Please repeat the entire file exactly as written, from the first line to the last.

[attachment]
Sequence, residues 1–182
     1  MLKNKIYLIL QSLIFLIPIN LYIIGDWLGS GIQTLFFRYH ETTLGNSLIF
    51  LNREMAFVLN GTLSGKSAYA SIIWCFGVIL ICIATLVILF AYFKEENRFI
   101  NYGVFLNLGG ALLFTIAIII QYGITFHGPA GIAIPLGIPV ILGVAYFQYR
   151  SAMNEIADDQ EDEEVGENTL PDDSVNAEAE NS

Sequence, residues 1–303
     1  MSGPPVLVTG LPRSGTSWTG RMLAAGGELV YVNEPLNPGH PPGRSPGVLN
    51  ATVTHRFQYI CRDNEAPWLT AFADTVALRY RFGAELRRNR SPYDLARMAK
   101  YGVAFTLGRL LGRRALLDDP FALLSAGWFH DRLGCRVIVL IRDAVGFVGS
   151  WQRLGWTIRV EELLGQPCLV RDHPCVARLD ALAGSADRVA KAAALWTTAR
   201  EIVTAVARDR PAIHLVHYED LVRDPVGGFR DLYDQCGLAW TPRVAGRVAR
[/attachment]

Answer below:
Sequence, residues 1–182
     1  MLKNKIYLIL QSLIFLIPIN LYIIGDWLGS GIQTLFFRYH ETTLGNSLIF
    51  LNREMAFVLN GTLSGKSAYA SIIWCFGVIL ICIATLVILF AYFKEENRFI
   101  NYGVFLNLGG ALLFTIAIII QYGITFHGPA GIAIPLGIPV ILGVAYFQYR
   151  SAMNEIADDQ EDEEVGENTL PDDSVNAEAE NS

Sequence, residues 1–303
     1  MSGPPVLVTG LPRSGTSWTG RMLAAGGELV YVNEPLNPGH PPGRSPGVLN
    51  ATVTHRFQYI CRDNEAPWLT AFADTVALRY RFGAELRRNR SPYDLARMAK
   101  YGVAFTLGRL LGRRALLDDP FALLSAGWFH DRLGCRVIVL IRDAVGFVGS
   151  WQRLGWTIRV EELLGQPCLV RDHPCVARLD ALAGSADRVA KAAALWTTAR
   201  EIVTAVARDR PAIHLVHYED LVRDPVGGFR DLYDQCGLAW TPRVAGRVAR